An important biological event in the T. rangeli cycle in the invertebrate host is its ability to activate the proPO system of R. prolixus. Gregorio and Ratcliffe (1991b) demonstrated that T. infestans, but not R. prolixuspreparations, present a very active proPO system when activated by laminarin and lipopolysaccharides. For both species of insects neither T. rangeli from culture nor parasite lysates were able to trigger proPO activation in vitro. However, the presence of the parasite in R. prolixus hemo-lymph/laminarin assays reduced the level of proPO activation. These authors suggest that the susceptibility of R. prolixus to T. rangeli hemolymph infection may, at least in part, be explained by the suppression of the inset immune defense system i.e. inhibition of the proPO in the presence of this parasite. Interestingly, Gomes et al. (1999) clearly demonstrated using in vitroexperiments that the activation of the proPO pathway occurred when the hemolymph was incubated with fat body homogenates and short epimastigote forms of T. rangeli. The same authors showed using in vivo experiments that short, but not long, epimastigotes activated directly the formation of melanin (Gomes et al. 1999). In addition, insects previously feeding on blood containing either short or long epimastigotes were able to suppress the proPO-activating pathway induced by thoracic inoculation of the short forms, indicating that the reduction of the PO activity was a result of parasite ingestion. It was suggested that oral T. rangeli infection in R. prolixus might facilitate the establishment of the infection in the hemolymph of the insect vector (Gomes et al. 2003).

Our laboratory is investigating the role of complex glycoconjugates in the vector-parasite interactions. Using glycosylphosphatidylinositol (GPI)-anchors, specifically glycoinositolphospholipids (GIPLs) and GPI-mucins purified from T. rangeli epimastigotes, we demonstrated that both compounds activated proPO pathway (Gomes et al. 2001). In addition, GIPLs and GPI-mucins when inoculated into R. prolixus also induced the formation of hemocyte microaggregates, while membrane phospholipids had no effect upon this physiological event (Gomes & Azambuja, unpublished data).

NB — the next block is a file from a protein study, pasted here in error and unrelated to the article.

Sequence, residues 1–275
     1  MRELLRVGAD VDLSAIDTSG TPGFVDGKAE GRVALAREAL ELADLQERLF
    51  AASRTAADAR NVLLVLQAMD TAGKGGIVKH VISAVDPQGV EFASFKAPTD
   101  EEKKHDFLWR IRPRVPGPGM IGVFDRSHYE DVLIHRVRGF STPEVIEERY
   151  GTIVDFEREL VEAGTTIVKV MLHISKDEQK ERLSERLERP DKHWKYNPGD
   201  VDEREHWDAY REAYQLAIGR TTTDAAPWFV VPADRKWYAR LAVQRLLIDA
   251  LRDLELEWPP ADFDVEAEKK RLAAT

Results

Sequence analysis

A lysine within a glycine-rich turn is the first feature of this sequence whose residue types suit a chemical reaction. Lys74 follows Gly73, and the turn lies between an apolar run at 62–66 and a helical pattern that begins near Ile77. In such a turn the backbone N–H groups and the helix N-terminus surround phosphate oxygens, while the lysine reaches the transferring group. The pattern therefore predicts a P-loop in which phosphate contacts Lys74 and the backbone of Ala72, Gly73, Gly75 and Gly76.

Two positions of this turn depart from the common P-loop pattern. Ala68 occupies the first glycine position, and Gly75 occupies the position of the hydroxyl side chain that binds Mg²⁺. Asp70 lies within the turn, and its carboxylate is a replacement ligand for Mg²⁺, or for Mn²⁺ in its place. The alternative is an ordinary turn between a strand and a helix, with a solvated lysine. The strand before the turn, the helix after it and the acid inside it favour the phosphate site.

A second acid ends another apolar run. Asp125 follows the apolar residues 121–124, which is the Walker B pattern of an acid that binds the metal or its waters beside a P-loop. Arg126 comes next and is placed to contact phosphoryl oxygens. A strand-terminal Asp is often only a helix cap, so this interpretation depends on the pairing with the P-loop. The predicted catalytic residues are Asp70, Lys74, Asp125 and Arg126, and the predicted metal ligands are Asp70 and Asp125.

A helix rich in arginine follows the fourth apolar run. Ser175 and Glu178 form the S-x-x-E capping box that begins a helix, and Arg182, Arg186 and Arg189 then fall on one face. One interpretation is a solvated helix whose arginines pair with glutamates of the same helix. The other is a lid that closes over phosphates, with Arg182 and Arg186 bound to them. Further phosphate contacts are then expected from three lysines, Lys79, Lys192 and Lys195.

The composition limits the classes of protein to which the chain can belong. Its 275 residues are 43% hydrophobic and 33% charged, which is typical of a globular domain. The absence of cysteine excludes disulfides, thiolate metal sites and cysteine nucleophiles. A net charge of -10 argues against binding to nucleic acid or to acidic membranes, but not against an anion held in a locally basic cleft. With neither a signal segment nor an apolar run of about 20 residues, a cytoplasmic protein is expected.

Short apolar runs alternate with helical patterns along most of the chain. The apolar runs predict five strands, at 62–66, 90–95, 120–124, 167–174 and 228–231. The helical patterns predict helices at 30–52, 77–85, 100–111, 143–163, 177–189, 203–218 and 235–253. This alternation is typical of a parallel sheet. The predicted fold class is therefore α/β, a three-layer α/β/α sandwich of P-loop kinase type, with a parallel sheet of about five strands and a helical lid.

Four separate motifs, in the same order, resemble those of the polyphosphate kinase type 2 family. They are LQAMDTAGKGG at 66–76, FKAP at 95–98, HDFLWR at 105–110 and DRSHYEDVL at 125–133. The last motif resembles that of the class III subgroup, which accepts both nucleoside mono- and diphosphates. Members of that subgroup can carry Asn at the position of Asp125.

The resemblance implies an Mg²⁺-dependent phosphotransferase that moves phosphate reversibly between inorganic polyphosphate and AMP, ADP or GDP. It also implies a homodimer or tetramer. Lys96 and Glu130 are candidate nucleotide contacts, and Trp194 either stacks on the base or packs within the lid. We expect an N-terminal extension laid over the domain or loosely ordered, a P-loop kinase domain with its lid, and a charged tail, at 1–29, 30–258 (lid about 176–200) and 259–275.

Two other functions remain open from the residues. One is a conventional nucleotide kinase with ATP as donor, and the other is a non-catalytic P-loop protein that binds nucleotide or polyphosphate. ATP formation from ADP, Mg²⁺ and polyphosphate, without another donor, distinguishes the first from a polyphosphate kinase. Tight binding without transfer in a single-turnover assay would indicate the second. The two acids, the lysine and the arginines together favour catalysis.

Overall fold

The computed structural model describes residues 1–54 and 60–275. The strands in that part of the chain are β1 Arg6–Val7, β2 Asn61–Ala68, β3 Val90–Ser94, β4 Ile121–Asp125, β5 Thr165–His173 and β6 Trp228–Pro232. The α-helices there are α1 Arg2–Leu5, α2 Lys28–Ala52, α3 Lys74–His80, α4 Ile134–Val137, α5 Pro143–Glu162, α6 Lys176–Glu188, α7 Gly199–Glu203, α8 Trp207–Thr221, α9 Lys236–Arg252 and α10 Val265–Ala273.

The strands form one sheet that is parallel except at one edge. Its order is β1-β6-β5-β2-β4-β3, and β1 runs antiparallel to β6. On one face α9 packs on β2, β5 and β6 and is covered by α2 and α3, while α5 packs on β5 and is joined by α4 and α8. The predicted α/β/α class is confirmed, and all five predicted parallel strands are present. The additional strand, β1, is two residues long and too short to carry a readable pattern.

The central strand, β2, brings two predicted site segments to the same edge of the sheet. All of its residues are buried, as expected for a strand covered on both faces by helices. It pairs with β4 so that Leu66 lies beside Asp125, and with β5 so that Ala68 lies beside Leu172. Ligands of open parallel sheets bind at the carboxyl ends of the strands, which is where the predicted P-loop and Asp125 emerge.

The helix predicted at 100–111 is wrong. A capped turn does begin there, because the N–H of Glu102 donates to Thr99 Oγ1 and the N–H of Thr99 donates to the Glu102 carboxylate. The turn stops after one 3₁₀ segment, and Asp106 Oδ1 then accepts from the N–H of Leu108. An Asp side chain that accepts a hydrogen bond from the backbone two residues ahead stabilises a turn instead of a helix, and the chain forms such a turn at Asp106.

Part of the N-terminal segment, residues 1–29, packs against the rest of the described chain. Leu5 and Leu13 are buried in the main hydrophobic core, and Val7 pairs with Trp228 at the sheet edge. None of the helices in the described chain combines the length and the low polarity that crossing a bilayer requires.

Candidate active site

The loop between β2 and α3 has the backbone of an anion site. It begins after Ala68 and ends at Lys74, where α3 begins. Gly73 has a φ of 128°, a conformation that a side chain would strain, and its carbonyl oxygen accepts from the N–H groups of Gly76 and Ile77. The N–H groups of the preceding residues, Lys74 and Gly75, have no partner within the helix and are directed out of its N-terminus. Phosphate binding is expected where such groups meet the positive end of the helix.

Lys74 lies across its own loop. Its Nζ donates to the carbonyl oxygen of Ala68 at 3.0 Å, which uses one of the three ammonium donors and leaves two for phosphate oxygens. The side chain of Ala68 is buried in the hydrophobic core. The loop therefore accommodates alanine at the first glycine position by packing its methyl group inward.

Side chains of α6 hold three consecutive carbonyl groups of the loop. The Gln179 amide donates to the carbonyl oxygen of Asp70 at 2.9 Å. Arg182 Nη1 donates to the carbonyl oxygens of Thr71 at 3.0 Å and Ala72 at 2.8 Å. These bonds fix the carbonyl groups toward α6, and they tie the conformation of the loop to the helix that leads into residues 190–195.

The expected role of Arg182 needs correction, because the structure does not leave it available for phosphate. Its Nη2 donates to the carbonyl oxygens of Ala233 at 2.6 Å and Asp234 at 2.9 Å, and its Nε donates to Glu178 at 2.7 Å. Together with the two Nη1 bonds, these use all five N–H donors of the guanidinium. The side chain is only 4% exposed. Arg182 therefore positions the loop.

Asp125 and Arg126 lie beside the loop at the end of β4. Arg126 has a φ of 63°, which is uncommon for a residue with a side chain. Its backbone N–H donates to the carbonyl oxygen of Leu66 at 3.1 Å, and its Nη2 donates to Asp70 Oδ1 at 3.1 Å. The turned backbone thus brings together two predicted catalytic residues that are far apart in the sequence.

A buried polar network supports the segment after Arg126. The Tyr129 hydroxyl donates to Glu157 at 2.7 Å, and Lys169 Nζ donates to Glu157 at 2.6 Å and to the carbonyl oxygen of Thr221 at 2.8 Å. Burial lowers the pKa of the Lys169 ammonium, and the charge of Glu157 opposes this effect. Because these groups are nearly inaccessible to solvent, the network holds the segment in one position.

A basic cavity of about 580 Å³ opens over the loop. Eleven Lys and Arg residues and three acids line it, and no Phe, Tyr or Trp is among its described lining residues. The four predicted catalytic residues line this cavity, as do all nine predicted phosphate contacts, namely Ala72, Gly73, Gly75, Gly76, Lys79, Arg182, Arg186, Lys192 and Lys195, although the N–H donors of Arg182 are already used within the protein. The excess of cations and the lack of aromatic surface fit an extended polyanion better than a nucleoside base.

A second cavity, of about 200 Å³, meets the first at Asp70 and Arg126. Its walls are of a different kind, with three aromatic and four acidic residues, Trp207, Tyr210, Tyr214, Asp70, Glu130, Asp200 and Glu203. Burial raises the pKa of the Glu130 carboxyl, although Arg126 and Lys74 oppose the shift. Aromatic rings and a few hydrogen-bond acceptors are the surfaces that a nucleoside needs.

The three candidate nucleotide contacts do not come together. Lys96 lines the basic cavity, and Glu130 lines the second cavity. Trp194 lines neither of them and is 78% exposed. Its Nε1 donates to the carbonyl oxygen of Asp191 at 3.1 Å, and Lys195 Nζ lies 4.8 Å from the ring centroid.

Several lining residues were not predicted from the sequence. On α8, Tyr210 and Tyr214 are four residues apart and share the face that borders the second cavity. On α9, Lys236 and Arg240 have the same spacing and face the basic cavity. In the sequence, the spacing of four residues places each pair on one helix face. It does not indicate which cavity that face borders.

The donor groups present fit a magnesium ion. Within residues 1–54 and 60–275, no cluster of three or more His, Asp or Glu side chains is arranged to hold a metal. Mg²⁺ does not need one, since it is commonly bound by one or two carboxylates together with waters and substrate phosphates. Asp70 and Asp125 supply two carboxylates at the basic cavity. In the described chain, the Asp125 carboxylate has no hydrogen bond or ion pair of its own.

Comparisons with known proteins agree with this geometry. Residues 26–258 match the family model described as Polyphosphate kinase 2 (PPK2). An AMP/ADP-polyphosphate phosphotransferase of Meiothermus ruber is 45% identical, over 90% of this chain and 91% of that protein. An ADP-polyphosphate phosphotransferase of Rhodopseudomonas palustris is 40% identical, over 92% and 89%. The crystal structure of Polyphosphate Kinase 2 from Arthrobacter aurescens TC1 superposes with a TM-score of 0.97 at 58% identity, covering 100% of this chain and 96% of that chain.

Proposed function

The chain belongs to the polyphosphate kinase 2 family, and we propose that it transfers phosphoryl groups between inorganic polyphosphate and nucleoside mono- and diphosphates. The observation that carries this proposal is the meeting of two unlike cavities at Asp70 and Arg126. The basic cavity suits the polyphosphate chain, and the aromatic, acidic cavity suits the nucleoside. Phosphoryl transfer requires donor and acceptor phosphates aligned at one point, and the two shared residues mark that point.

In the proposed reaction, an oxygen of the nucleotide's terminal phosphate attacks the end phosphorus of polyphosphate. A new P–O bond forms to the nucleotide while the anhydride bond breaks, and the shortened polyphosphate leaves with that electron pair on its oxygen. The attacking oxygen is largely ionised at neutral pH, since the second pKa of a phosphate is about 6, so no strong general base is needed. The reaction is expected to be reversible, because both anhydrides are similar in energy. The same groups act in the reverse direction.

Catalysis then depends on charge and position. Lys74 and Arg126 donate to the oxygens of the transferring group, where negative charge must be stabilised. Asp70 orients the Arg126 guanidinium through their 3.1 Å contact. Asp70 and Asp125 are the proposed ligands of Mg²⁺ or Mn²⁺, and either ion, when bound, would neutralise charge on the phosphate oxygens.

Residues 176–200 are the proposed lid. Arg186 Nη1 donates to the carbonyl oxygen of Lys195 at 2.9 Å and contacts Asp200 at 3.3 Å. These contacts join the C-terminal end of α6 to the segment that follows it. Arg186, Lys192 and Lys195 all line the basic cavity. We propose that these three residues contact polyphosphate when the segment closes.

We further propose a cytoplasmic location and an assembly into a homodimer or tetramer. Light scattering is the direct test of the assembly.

One of the most exciting outcomes in the investigation of T. rangeli in triatomines is its ability to relate to superoxide and nitric acid generation and eicosanoid pathways in the insect vector. Whitten et al. (2001) studied the immune responses of R. prolixus in vivo following the injection of two strains and two developmental forms of T. rangeli. They observed that after 24 h the H14 strain, which failed to multiply and invade the salivary glands, stimulated higher levels of proPO, superoxide and nitrites than the Choachi strain, which rapidly multiplied in the hemolymph to invade the salivary glands. Usually, short forms of epimastigotes stimulated greater superoxide and proPO responses than long epimastigotes in both parasite strains in the hemolymph of R. prolixus. In addition, when the NADPH oxidase inhibitor, N-ethylmaleimide, or the inducible nitric oxide synthase inhibitor, S-methyl isohiourea sulfamide, are inoculated into R. prolixus, they caused higher insect mortalitiy after inoculation with parasites of either strains compared with those of uninfected control insects (Whitten et al. 2001). This indicates that both NADPH oxidase and nitric oxide synthase activities may be involved in the immune responses of R. prolixus infection by T. rangeli. In this insect, nitric oxide synthase gene expression and nitrite/nitrate levels are modulated in the midgut epithelial cells and fat body following in vivo challenge with T. cruzi or T. rangeli (Ratcliffe, personal information).